the wastes

I have recently read a book about depression by the boss. It was transporting. You should read it.

Depression was the first way my brain chemistry got in touch with me. When I was 18, 19, I first got acquainted with it. I had crushing depression, grinding depression when I was a young man. But my family had just disintegrated at that point and I did not have a vocabulary for what I was feeling. I didn’t feel like depression. It just felt like mourning.

I had moved into my own apartment and found myself frequently curled up in the center of the carpet, tensing my muscles on and off. I had a little red car and would drive for hours at night, I mean hundreds and hundreds of miles. The idea was to stave off being alone with my thoughts, and usually the road and the radio helped. I found with depression that there was a kind of perpetual disbelief, one that I think made its way into my interactions with other people and made me seem weird, or weirder – what is this thing, inside of me? And I think I looked to other people for answers even as I said nothing coherent about having depression at all. I would hang out with people to avoid the depression and tell them nothing about my struggles and would leave disappointed that no one had diagnosed me even as I never really interrogated what was going on inside of me myself.

People are really down about the brain chemistry explanation of mental illness, and perhaps with good reason. I do see where they’re coming from. There isn’t too much evidence to support the serotonergic theory of depression. But I would not personally be onboard with those who reject any physical or biochemical visions or whatever of depression. Because depression is a feeling. It is profoundly physical. It expresses itself with your whole body. Just like mania.

Speaking of which, that was the turn – not in my condition, not for a long time, but in my mindset. I ended up in the hospital in 2002 and they asked me questions that I could not wriggle out of. Did I experience feelings of worthlessness and guilt? Yes. Did I experience feelings of extreme fatigue? Yes. Did I sleep too much? I did. Had I experienced a loss of interest in things that used to interest me? I had. And so it came to pass that conversations I would never have initiated in a million years had been initiated by my emergency, and that was the beginning of my first brief period of being medicated for depression. The depression had seemed like a sideshow at the time, as it was not the depression that had gotten me there in the first place. But one way or the other I was on my first round of SSRIS. That lasted maybe three months, and then I was in the wind again, untreated and seesawing back and forth again. You’re probably bored of this story.

And then, somehow, the depression began to get better. Sometime in my late twenties and early thirties things got easier. I had never noticed the cyclicality of my moods before I was diagnosed, but afterwards, with the frequency of my manic periods, it was had to miss. But as I grew older, wandering in and out of treatment, I found the depressions came less intensely if not less frequently. I tend to find that people assume that those of us with bipolar have more intuitive tracking of our mood cycles than we do. The whole problem is that you can’t tell what’s your mind and what’s your brain, right? But I found myself expecting to pass into deep depressions that didn’t come. And the best I can make out, I just aged out of it.

Don’t misunderstand me: I still get depressed. I still have depressive cycles. And I am on two antidepressants right now. But I don’t lie in the center of room in the fetal position anymore. I don’t live with that kind of fear, fear of coming into contact once again with the basic question of whether it was worth carrying on. For that I’m incredibly grateful.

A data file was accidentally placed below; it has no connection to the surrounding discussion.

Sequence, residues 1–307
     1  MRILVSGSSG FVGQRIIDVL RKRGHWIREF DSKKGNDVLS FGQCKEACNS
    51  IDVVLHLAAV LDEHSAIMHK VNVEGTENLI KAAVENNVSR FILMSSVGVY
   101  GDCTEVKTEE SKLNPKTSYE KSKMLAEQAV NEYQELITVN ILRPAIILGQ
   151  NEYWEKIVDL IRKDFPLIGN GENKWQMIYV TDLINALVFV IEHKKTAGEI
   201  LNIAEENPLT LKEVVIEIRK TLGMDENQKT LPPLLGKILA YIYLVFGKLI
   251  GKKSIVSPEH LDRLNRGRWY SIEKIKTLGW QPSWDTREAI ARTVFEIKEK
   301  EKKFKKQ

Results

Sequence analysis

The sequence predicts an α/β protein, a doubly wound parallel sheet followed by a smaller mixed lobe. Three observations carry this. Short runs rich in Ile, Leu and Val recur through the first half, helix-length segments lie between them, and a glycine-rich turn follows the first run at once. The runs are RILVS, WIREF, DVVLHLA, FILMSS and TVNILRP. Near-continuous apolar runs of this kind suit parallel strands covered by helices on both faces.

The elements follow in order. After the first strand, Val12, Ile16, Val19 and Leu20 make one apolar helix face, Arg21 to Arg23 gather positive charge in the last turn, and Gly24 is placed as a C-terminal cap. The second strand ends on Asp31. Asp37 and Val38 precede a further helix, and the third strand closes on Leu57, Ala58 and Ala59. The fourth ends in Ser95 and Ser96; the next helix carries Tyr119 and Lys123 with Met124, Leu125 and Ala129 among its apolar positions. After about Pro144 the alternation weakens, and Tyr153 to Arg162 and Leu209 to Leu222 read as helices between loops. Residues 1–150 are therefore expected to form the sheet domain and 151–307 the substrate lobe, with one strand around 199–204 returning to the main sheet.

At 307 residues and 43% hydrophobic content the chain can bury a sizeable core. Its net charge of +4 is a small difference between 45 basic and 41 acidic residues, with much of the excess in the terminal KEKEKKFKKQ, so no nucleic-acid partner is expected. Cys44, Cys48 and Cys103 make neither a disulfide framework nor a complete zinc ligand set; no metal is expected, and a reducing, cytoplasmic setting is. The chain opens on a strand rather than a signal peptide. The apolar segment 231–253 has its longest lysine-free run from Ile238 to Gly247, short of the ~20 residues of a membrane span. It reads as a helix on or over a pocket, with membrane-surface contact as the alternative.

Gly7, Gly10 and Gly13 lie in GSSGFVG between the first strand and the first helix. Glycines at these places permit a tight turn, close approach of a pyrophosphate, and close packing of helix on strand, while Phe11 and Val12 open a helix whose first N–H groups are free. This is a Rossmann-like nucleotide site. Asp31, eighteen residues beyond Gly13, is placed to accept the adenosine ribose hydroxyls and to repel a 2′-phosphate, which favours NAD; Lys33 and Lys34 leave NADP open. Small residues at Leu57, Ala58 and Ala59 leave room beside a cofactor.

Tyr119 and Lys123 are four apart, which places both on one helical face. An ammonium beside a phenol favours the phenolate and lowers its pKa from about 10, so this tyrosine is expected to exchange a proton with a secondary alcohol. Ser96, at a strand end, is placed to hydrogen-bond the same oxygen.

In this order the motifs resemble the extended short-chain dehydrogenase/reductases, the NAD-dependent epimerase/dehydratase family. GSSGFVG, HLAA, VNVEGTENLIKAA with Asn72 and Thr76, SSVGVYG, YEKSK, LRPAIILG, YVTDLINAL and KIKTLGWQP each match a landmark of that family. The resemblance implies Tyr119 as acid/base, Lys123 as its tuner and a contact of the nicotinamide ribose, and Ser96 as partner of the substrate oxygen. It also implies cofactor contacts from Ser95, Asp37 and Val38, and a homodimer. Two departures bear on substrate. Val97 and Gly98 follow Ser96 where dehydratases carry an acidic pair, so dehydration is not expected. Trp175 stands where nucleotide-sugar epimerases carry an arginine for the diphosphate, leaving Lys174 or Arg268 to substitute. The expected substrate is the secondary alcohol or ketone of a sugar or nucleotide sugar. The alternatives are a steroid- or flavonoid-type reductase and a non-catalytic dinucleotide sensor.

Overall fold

But I do miss the clarity of depression. As vulgar as it is to say that I miss any of it, I do. Maybe others who suffer would get offended by that, I don’t know. But there’s something clarifying about depression, something singular. It focuses the mind to an impossible extent – focuses it, that is, on the darkest and the deepest hole in the human condition.

I am trying to avoid returning to professional opinionating but it’s tough sledding

There’s not much news to report from me; the book continues to pop up here and there, most prominently the Wall Street Journal. I have been given no information about sales figures and will not speculate.

Currently I am trying to find a job in the normie world. Many other people are as well and I am fortunate to have a little nest egg to live off of for now. But some sort of income will have to come in soon. (I applied for unemployment benefits from New York State on June 29th and still have yet to be approved or denied.) Part of my feelings of pressure to get a job is that I would like to avoid returning to professional opinion writing out of financial need, for reasons that are complicated. Perhaps the simplest thing to say is that I want to write out of organic personal motivation, not out of financial necessity. And, more, the fact of the matter is that there’s just a ton of negativity surrounding my writing, much of it my fault, and I’d prefer to avoid bringing that negativity into the world. However fair or unfair that’s the reality and if I can prevent creating new internet drama I’ll do that. It’s just that the job market is not cooperating.

Look things are tough all over and I don’t mistake my situation for remotely uniquely unfortunate. For my housing rights group I work on a hotline every week and I talk with tons of people who are in far worse shape than I am. I recognize my advantages. But I knew I needed a new job far before I was actually fired by Brooklyn College – thank you union contract – so I’ve been applying steadily since January, in all kinds of industries and sometimes outside of New York. And there’s the issue that we’re in an employment depression and I’m competing against millions of others, and there’s the problem that if you Google me you find out that I did something really unforgivable three years ago. I have taken to noting my mental illness in my cover letters and my recovery because I want to demonstrate that I have worked very hard and am in a new era of my life, one where I’m medicated and stable and still dedicated to recovery. I have no idea if this is a good idea or not.